It’s one of the slew of new projects taking advantage of billions of dollars in funding available through the NHS.

Launched in 2017, the $55-billion-plus NHS is the country’s first ever federal housing strategy. Its goals include reducing homelessness by half, removing about 530,000 families from housing need, renovating and modernizing about 300,000 existing homes, and building more than 125,000 new units over the next decade.

One of the key themes is bringing together different parties from public and private sectors, including private developers and non-profit organizations, to tackle this major undertaking.

The Canada Mortgage and Housing Corporation is the government agency responsible for implementing the lion’s share of the NHS, using grants, loans and incentives.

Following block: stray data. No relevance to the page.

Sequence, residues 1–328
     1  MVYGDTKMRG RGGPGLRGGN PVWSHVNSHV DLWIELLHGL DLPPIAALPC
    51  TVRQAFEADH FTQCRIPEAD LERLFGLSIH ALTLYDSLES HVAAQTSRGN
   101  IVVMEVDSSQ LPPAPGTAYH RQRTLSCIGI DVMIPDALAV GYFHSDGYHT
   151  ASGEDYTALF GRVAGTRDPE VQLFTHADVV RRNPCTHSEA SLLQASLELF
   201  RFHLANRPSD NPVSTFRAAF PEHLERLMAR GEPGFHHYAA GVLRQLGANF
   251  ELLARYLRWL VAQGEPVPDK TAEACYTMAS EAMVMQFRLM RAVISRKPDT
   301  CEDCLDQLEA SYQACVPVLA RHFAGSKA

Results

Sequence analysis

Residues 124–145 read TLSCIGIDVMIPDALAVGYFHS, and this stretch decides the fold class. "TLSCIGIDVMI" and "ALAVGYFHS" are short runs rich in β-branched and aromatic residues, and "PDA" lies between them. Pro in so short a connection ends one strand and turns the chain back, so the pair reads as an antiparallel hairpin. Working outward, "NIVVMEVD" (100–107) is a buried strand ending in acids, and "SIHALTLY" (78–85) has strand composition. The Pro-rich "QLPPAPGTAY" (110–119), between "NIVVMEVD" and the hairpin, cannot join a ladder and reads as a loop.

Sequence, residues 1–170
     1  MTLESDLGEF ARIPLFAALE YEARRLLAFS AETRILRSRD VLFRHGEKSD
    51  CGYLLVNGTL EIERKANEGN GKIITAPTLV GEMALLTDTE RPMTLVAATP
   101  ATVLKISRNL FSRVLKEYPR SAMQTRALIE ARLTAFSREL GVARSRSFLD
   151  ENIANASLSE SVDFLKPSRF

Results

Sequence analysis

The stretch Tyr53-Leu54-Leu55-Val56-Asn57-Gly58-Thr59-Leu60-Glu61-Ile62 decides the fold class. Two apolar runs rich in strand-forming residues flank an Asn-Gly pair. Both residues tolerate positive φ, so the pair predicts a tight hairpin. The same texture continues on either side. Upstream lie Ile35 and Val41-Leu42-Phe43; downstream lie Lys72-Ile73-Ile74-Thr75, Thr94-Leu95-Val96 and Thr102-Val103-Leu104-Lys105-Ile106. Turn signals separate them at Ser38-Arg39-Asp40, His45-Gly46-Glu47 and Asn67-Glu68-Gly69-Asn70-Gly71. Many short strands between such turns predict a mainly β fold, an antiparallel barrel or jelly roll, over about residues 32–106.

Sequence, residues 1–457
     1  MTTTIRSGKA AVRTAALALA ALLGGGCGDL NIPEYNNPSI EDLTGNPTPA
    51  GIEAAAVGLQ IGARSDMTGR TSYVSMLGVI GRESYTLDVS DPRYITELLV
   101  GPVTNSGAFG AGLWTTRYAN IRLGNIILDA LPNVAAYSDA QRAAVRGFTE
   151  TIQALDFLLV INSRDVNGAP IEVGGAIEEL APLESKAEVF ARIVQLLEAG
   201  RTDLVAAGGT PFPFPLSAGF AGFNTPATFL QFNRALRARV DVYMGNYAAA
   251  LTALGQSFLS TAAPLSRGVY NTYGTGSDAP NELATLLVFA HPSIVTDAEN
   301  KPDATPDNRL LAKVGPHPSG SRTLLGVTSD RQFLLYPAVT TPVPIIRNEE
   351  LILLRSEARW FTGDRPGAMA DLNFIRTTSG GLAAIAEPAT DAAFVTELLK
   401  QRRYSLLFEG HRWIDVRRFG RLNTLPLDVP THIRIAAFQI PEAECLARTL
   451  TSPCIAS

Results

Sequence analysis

Each of the federal funding initiatives have been designed to fund sustainable, affordable housing projects that would have otherwise been impossible using traditional financing models.

It’s a welcome program since we all know how desperately more affordable housing is needed here.

Fiesta to fill stomachs and hearts

Camexicanus Mexican students perform in Haliburton.

If you can’t get to Mexico this winter, Camexicanus is offering County residents a short trip down south for an evening this Sunday, Feb. 23.

Dubbed February Fiesta, it’s a fundraiser for their March break volunteer humanitarian arts trip.

Founder Greg Sadlier and his wife Hannah Sadlier are taking four local Grade 11 and 12 students to Monterrey and the Yucatan, Mexico for a crosscultural arts exchange.

Camexicanus was officially formed in 2013 but its journey has been developing for years, ever since Greg went to Mexico in 2001 on a similar student exchange.

Sadlier said the Haliburton students will be running arts camps, working with charities, meeting Camexicanus Mexican students and their families and representing Canada and the Highlands on their trip.